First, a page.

The sister of a Sherwood Park man who drowned on the job in Fort McMurray is urging workers to watch out for each other.
Christopher Fontaine, 32, was found dead on Sept. 26 in a tank he'd been working on at a water treatment plant. His shift ended at 5:30 p.m. but his body wasn't found until the next day.
Catheline Fontaine questions why her brother was working by himself. She believes her brother's death could have been prevented if someone had checked on him.
Catheline Fontaine believes her brother's death could have been prevented. Catheline Fontaine believes her brother's death could have been prevented. (CBC)
"His truck was left in the yard, and everything, so it's like, how could you forget about somebody like him?" she asked. "He was so caring."
Fontaine took the unusual step this week of making a plea to Alberta workers in a full-page newspaper ad which was purchased by her brother's employer, Bird Construction.
"Look out for each other, we're all in this together and make sure you've all gone home safe, don't work alone," the ad reads. "I hope you remember this page and take care of each other and then my brother didn't die for nothing."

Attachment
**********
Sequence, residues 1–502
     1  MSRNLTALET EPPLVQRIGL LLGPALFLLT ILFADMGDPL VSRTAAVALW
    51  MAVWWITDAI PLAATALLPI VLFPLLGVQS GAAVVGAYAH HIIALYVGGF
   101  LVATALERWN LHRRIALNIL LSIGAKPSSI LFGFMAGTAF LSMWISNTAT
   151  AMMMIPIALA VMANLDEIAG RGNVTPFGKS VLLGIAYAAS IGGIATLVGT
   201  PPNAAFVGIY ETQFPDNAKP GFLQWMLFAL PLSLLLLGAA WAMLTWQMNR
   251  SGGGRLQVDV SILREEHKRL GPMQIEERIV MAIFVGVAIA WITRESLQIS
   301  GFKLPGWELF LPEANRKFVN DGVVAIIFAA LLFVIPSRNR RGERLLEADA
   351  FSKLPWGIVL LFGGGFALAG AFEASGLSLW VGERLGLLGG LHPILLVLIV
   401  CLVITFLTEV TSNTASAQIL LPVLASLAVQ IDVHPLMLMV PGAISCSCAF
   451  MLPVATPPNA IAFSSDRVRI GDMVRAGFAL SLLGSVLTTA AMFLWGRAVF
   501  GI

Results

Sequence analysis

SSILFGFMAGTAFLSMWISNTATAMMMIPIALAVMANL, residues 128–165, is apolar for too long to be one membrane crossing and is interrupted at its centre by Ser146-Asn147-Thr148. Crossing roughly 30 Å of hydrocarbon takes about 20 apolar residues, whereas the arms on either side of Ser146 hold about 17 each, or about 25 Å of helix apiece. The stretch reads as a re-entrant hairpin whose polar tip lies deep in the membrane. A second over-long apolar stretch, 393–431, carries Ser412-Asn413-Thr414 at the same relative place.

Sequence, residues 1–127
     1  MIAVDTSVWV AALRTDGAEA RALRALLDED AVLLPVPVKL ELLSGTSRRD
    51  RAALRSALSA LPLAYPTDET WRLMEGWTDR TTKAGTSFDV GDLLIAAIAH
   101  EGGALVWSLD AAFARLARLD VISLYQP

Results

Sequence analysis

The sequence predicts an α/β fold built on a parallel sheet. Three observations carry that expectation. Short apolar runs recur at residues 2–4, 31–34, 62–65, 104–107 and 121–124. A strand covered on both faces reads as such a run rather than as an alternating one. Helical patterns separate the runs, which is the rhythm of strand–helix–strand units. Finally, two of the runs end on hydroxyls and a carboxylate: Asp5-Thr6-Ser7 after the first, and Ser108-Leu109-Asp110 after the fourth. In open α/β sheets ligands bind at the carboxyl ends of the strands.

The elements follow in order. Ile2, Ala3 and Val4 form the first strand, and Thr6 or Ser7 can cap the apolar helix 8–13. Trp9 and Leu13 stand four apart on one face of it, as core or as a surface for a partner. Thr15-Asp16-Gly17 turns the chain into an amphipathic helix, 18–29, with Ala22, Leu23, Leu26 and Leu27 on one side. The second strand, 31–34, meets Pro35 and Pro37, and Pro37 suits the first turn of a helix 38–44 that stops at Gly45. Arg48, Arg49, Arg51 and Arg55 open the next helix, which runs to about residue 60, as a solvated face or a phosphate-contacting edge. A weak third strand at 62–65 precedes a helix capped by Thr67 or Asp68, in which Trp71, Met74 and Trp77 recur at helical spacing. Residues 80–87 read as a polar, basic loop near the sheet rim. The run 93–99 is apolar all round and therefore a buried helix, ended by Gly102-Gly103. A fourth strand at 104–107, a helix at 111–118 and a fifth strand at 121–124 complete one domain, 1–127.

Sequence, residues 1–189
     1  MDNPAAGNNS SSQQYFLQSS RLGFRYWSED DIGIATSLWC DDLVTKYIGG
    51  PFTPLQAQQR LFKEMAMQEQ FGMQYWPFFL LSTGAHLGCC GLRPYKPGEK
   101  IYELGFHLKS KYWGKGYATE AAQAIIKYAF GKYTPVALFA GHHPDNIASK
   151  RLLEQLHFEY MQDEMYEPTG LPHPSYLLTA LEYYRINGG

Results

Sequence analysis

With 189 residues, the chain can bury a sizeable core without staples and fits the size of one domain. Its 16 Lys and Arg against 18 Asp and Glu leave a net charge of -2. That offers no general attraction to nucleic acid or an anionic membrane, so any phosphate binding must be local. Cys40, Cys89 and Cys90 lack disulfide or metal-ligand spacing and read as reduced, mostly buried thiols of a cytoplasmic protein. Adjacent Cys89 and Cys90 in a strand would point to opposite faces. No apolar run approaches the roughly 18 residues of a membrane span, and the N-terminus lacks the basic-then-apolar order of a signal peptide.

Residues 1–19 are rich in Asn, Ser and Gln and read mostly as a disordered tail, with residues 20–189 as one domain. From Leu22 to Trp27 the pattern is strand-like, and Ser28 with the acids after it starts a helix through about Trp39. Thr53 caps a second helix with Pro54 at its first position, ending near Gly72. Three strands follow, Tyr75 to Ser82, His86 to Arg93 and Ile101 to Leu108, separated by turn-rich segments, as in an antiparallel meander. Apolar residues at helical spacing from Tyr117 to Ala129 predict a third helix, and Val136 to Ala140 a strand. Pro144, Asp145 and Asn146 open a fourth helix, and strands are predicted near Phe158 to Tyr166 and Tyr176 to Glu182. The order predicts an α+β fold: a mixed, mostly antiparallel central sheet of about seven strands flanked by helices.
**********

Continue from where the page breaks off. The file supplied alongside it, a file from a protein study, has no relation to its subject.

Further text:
Fontaine says the ad was also a tribute to her brother.
"I just wanted everybody to know who he was and what he meant to me, because I guess I never really told him myself," she said.
Employers also responsible, labour group says
"Honestly, that ad really tugs at my heartstrings," said Gil McGowan, president of the Alberta Federation of Labour.
McGowan argues workplace safety is a shared responsibility.
"We simply can't continue putting all responsibility for getting home safe at the end of the day on the shoulders of the individual workers," he said.
"We also need employers holding up their end and we need governments holding up their end and right now, in too many cases, that's not happening."
Occupational Health and Safety and the RCMP continue to investigate Chris Fontaine's death.
CBC News, Friday, Oct 05 2012